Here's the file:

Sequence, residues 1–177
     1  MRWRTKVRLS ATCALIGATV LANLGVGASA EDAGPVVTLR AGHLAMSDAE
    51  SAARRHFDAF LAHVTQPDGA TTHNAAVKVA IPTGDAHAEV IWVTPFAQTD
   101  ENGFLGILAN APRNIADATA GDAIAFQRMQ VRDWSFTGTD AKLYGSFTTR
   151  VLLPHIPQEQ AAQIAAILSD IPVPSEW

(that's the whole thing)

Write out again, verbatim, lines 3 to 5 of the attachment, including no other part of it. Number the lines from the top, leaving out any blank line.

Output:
    51  SAARRHFDAF LAHVTQPDGA TTHNAAVKVA IPTGDAHAEV IWVTPFAQTD
   101  ENGFLGILAN APRNIADATA GDAIAFQRMQ VRDWSFTGTD AKLYGSFTTR
   151  VLLPHIPQEQ AAQIAAILSD IPVPSEW